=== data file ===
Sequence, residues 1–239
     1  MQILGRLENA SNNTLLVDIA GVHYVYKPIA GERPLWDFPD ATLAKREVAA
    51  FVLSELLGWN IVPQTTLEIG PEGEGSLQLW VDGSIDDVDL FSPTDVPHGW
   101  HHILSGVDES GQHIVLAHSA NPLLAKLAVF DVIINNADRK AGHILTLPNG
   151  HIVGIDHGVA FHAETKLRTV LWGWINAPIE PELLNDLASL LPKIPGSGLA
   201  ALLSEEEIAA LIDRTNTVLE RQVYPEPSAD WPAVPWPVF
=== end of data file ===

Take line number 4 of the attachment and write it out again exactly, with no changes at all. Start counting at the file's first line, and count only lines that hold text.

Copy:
   101  HHILSGVDES GQHIVLAHSA NPLLAKLAVF DVIINNADRK AGHILTLPNG